The reversible formation of enols from enolizable ketones brings into focus a phenomenon termed as tautomerism. In a broad sense, two structural isomers, which differ in the relative positions of their atoms, and are in rapid equilibrium, are called tautomers. Their interconvertibility of tautomers is a chemical reaction, which involves making and breaking of a bond. Tautomers, being an equilibrium process, is symbolized by double arrows.

Tautomerism is classified into cationotropy and anionotropy depending upon whether atoms or groups of atoms shift as cations or anions. A great majority of cases of cationotropy, however, is prototropy in which protons are involved.


The classical example of prototropy is a keto-enol tautomerism exhibited by ethyl acetoacetate. The compound forms a cyanohydrin with HCN, an oxime with hydroxylamine, and phenylhydrazone with phenylhydrazine. Therefore, it appears to be a saturated keto ester.

On the other hand, it appears to be an unsaturated hydroxyl ester since it gives an intense red colour with ferric chloride, rapidly absorbs bromine, and reacts with diazomethane.

In principle, any molecule containing a keto grouping and a-hydrogen(s) is capable of undergoing tautomeric change to an isomeric enol molecule.


The enols forms of simple aldehydes and ketones have, however, not been isolated because of their easy conversion into a more stable carbonyl forms. However, in the presence of more than one carbonyl function on the same carbon in the molecule, the enol content becomes more significant, and the enol forms become isolable.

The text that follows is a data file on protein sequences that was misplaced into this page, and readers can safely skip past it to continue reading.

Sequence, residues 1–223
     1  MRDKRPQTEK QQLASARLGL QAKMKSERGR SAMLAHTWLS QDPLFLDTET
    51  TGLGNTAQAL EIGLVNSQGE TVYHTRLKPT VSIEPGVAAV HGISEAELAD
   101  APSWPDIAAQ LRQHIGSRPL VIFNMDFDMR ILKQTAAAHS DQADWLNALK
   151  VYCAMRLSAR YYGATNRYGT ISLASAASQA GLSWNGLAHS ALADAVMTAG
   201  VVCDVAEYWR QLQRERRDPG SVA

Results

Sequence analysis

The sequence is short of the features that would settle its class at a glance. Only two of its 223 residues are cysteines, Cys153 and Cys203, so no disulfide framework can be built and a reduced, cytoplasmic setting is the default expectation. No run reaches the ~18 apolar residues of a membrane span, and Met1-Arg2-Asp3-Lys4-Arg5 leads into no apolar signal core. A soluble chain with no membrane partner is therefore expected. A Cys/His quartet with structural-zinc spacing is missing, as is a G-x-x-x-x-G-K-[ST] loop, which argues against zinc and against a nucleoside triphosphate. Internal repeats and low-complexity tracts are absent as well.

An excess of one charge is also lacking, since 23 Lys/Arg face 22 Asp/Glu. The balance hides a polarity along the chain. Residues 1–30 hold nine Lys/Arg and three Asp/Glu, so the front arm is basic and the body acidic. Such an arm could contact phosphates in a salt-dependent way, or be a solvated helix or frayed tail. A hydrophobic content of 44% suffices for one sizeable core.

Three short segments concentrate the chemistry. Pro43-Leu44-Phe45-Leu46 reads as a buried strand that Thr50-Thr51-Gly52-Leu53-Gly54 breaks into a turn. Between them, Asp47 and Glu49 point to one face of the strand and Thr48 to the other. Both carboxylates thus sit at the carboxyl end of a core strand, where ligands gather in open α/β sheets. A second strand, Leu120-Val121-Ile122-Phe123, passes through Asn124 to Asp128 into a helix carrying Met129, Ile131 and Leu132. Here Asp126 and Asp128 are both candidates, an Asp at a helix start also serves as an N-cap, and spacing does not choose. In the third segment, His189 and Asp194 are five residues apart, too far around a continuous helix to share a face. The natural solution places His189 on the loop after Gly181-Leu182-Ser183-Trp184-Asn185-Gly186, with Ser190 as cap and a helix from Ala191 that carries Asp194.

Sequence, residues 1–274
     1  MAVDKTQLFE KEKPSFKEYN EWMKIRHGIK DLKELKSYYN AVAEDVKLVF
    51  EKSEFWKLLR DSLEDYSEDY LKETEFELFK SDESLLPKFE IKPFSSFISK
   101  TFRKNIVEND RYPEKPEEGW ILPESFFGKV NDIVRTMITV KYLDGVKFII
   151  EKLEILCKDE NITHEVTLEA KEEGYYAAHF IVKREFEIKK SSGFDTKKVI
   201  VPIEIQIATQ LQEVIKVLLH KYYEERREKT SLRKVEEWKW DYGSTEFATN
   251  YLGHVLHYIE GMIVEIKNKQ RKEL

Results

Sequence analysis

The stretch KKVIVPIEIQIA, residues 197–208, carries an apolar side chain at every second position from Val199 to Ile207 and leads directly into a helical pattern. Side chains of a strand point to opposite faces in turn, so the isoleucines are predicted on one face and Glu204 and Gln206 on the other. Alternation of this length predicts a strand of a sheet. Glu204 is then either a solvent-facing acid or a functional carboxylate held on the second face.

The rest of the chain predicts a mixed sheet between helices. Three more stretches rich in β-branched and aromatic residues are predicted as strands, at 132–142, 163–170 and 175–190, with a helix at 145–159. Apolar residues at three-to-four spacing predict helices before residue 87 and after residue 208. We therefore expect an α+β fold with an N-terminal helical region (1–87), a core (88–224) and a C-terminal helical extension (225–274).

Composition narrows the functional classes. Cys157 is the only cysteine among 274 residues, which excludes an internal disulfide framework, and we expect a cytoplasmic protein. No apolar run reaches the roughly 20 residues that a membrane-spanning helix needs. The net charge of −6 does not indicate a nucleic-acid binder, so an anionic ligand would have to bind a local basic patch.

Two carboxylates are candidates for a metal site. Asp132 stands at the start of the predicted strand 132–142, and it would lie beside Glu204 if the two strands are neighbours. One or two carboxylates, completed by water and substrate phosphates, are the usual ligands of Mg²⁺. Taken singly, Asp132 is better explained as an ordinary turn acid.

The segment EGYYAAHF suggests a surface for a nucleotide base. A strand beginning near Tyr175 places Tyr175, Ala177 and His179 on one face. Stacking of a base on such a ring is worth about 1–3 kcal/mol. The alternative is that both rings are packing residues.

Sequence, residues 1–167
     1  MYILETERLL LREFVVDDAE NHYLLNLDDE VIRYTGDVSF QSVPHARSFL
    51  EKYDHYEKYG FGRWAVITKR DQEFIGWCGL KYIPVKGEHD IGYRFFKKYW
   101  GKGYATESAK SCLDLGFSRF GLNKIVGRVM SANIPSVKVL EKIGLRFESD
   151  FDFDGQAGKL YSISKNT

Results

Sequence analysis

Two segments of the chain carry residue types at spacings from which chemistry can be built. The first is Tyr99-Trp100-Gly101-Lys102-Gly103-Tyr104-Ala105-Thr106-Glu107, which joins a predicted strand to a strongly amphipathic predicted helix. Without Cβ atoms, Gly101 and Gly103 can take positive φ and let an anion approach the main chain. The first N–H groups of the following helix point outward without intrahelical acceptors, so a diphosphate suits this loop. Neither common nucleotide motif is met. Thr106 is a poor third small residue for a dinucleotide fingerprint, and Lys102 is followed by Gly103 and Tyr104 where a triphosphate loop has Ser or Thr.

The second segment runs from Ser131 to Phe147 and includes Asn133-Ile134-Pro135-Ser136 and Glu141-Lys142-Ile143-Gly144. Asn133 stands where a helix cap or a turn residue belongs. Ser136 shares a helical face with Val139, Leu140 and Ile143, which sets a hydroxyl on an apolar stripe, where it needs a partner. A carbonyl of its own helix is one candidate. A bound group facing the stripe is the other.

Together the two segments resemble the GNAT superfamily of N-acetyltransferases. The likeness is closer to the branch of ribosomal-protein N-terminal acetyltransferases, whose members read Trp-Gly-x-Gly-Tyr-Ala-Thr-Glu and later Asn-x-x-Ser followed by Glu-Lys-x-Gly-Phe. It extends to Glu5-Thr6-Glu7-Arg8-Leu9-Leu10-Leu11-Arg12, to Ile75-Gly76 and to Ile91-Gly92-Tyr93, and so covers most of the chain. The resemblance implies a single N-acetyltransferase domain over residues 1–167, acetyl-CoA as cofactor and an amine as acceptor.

Acetone exists in equilibrium almost wholly in its keto form, whereas ethyl acetoacetate and acetylacetone have significant enough contents. This is to be expected since the electron-withdrawing effect of the carbethoxy or the acetyl substituent increases the acidity of the a-hydrogen. Since the carbonyl group of a ketone is an effective electron-withdrawing group, much more than the carbonyl group of an ester, acetylacetone has more enol content than ethyl acetoacetate. These substituents increase the stability of the enol form by the conjugative effect. In addition, intramolecular hydrogen bonding also occurs in the enol forms stabilizing them with respect to the keto forms by 6 kcal/mol it 25 kJ/mol.


Sometimes, conformation plays a dominant role in deciding the extent of enolization in certain a-diketones. Biacetyl, for instance, has very little enol content in contrast to 1,2-cyclopentanedione (48) which exists mostly in the enolic form. The carbonyl groups of biacetyl are oriented in opposite directions so as to reduce dipole-dipole repulsion, whereas being a cyclic compound 48 has no such choice, and has to resort to enolization in order to avoid their repulsion.


The percentage of enolization present in a keto-enol equilibrium varies markedly with the nature of the solvent. This is to be expected since the keto form of a diketone or a keto ester is more polar than the enolic form, and hence the percentage of the enol form should increase as the polarity of the solvent decreases.


There are a number of examples of tautomerism involving the movement of atoms or group of atoms or anions. These processes are collectively known as anionotropy. A simple example is the transformation of crotyl chloride into methylvinylcarbinyl chloride.


Either of these substances gives the reactions of both, and either can be converted into an equilibrium mixture. Other well-known examples include the conversion of 1-phenylallyl-p-nitrobenzoate (56) to 57 and that of geraniol (58) to linalool (59).

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